According to Andrew Mitchell, “every penny” of the United Kingdom’s foreign aid budget is used for purposes that serve the country. Spending has now been reduced to 0.5% of GDP, or around £11 billion annually.
Speaking to the International Development Committee today, Mr. Mitchell stated: “The 0.7 percent was the figure which the developed world settled on, it’s now 0.5 percent and very much hope it will go up to 0.7 percent.
“But every penny of this budget is spent in Britain’s national interest because tackling conflict and building prosperity not only help people in the poor world but they make us more prosperous and less subject to the effects of external conflict.
“Every penny of it is spent in Britain’s national interest and our job is to accept the figure we have and drive it to maximum effect and get best possible value for money for UK taxpayers.”
However, Mr. Mitchell acknowledged that he was “rather surprised” to find that Britain continues to spend foreign aid in China and that this may do “great damage” to the budget’s image.
When asked about the funding flowing to the second-largest economy in the world, he informed MPs: “I was rather surprised to see about the aid spending in China.
“By and large, bilateral programme spending in China has stopped, but the areas where it is continuing, and which does great damage to the reputation of the development budget, include Chevening scholarships, for example, and the British Council and most people would say that both of those two types of spending were a good thing to do.”
Mr Mitchell went on to say that justifying government spending in China and India was “virtually impossible.”
During his presentation, the development minister also said that the UK has lost its role as a “development superpower,” which is “bemoaned around the world.”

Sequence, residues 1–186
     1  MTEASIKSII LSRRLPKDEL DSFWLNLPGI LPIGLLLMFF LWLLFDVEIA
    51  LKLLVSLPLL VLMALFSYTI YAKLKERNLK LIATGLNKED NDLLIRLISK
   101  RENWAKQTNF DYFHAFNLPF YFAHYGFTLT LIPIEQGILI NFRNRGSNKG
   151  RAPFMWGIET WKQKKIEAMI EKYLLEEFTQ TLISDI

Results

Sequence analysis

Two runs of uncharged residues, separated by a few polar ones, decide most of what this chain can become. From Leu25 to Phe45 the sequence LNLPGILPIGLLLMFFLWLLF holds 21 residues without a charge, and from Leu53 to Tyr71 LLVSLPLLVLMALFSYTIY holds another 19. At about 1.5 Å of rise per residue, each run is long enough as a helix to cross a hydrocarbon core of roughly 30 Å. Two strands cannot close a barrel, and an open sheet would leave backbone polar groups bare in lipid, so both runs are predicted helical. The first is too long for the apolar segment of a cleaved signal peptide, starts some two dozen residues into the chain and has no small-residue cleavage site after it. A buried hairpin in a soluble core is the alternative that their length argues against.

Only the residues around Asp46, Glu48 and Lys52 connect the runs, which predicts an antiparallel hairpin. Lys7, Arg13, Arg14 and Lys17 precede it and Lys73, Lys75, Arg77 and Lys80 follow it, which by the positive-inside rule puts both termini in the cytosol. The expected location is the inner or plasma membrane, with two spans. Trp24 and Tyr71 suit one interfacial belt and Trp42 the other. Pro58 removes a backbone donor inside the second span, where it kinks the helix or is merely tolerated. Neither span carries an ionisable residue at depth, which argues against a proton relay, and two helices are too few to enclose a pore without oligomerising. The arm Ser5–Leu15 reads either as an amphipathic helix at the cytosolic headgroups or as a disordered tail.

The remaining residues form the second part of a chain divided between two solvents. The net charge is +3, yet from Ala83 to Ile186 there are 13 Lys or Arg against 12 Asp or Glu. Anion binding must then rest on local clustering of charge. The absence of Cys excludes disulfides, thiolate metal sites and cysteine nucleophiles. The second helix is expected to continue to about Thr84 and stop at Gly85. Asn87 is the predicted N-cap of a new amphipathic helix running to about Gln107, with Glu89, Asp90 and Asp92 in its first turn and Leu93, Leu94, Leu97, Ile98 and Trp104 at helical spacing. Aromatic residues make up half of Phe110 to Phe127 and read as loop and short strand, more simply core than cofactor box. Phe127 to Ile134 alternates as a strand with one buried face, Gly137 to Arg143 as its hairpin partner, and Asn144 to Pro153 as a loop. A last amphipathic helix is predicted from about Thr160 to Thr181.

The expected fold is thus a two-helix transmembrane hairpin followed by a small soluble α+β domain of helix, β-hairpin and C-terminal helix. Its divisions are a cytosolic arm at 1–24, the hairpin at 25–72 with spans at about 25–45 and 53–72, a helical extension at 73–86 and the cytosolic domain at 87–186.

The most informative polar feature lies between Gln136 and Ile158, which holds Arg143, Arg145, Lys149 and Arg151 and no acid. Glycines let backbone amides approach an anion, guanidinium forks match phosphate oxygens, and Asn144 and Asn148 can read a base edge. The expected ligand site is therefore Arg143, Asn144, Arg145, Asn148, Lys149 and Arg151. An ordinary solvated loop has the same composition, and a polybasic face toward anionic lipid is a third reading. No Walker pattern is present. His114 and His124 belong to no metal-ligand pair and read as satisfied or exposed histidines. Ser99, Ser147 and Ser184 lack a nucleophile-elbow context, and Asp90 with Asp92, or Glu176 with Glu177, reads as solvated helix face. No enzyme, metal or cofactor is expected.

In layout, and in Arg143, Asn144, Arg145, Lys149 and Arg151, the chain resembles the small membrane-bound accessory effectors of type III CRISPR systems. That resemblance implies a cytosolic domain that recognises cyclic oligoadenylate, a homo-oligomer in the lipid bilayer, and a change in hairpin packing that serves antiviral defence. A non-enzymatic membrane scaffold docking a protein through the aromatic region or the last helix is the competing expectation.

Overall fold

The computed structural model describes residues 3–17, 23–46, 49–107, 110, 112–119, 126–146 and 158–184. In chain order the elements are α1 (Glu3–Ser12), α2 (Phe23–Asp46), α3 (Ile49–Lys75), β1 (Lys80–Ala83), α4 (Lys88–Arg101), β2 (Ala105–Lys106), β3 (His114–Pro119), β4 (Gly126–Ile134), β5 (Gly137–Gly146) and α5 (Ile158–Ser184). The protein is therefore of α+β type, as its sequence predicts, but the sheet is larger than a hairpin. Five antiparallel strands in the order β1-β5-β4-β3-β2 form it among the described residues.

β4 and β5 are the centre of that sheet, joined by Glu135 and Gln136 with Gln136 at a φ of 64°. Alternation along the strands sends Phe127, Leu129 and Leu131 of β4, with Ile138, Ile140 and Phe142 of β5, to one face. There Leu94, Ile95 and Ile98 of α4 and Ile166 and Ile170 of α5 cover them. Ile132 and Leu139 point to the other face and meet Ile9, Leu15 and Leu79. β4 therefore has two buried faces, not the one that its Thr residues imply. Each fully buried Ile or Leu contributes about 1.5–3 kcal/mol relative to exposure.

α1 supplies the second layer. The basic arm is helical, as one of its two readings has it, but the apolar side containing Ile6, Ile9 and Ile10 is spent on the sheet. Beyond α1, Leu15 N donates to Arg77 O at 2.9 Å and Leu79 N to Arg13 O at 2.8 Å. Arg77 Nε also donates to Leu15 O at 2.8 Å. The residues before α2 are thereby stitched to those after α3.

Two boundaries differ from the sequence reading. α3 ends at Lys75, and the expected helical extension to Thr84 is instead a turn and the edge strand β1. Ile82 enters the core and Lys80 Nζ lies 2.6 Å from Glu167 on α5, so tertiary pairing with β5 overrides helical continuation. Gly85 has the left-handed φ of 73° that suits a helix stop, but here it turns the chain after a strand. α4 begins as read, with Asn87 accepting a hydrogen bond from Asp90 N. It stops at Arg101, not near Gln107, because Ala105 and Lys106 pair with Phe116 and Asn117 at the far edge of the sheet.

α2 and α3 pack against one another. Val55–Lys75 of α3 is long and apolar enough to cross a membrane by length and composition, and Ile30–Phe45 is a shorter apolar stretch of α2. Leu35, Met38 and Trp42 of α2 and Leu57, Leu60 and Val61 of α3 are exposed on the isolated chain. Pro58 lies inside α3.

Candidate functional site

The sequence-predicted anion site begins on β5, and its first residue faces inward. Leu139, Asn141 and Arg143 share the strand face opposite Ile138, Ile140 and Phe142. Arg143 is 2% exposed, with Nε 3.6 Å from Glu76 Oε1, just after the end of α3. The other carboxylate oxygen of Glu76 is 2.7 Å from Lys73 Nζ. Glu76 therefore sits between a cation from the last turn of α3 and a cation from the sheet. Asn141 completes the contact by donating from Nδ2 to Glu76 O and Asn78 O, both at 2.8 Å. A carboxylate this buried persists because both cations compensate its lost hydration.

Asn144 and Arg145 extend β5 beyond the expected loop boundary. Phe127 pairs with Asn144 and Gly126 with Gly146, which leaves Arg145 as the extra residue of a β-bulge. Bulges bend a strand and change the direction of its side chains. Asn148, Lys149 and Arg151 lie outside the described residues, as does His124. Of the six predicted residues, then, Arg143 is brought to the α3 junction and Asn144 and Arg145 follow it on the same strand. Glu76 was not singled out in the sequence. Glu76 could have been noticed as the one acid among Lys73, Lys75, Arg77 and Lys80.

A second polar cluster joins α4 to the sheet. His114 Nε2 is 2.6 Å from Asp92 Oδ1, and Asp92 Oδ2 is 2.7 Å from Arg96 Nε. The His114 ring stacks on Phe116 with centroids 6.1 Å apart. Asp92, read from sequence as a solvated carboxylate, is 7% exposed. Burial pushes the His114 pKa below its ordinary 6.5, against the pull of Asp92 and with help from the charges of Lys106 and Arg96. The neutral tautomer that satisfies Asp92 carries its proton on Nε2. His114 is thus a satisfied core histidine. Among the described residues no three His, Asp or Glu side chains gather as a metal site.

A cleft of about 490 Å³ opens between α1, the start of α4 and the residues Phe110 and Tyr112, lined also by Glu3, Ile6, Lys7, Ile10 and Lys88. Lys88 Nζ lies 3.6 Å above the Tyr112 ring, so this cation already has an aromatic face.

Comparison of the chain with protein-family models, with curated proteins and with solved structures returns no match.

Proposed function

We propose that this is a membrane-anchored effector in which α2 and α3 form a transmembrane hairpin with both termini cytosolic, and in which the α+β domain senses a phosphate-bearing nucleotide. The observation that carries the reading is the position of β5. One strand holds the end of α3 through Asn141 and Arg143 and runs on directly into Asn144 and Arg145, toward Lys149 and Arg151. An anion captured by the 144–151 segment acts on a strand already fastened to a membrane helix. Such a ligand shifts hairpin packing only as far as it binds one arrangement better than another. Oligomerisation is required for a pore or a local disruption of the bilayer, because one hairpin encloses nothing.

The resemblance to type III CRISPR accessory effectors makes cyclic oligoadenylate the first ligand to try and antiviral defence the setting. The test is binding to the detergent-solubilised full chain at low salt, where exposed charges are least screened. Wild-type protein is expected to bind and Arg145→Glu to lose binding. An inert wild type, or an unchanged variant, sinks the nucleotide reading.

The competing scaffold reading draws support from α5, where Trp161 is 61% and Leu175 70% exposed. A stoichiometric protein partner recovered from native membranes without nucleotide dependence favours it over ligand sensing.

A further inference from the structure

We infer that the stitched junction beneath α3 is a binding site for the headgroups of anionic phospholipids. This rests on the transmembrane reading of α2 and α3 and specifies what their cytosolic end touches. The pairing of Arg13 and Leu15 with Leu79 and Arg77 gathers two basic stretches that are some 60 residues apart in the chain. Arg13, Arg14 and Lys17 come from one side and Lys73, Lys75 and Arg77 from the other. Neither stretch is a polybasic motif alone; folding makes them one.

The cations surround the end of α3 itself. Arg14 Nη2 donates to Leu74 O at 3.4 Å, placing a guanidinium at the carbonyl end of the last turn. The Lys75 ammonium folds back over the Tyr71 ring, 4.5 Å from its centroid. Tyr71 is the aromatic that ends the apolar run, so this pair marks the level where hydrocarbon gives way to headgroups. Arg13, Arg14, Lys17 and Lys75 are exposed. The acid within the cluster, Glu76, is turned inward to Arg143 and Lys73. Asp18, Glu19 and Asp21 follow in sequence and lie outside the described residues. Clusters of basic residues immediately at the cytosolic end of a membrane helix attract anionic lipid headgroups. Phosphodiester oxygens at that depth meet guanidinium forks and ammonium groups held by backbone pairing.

He said: “When Tony Blair and Gordon Brown were in government, we spent 0.51 percent on international development and we were without question a development superpower.
“I would argue that in 2012 when David Cameron was our prime minister, we were also spending 0.51 percent and in my view, we were without question a development superpower.
“Today we are actually spending 0.55 percent and, you know, let’s not beat about the bush, we are not a development superpower at the moment and that is something that is bemoaned around the world.”
Mr Mitchell believes the Foreign, Commonwealth, and Development Office requires institutional adjustments (FCDO).
He stated: “My view is that that requires some structural changes within the merger.
“I’m not in any way wanting to unpick what is settled government policy, but I think that there are structural changes which can be made and should be made and there is a discussion going on within and outside the Foreign Office about what they should be.”
The former international development secretary, who was recently re-appointed by Rishi Sunak, was highly critical of the Department for International Development’s merger with the Foreign and Commonwealth Office in 2020, and later led a parliamentary revolt against the reduction in foreign aid budget.
It follows Chancellor Jeremy Hunt’s announcement in last month’s autumn statement that the international assistance budget would not be restored to its previous level of 0.7 percent of national revenue “until the fiscal system allows,” despite Mr Mitchell’s best efforts to urge him to do so.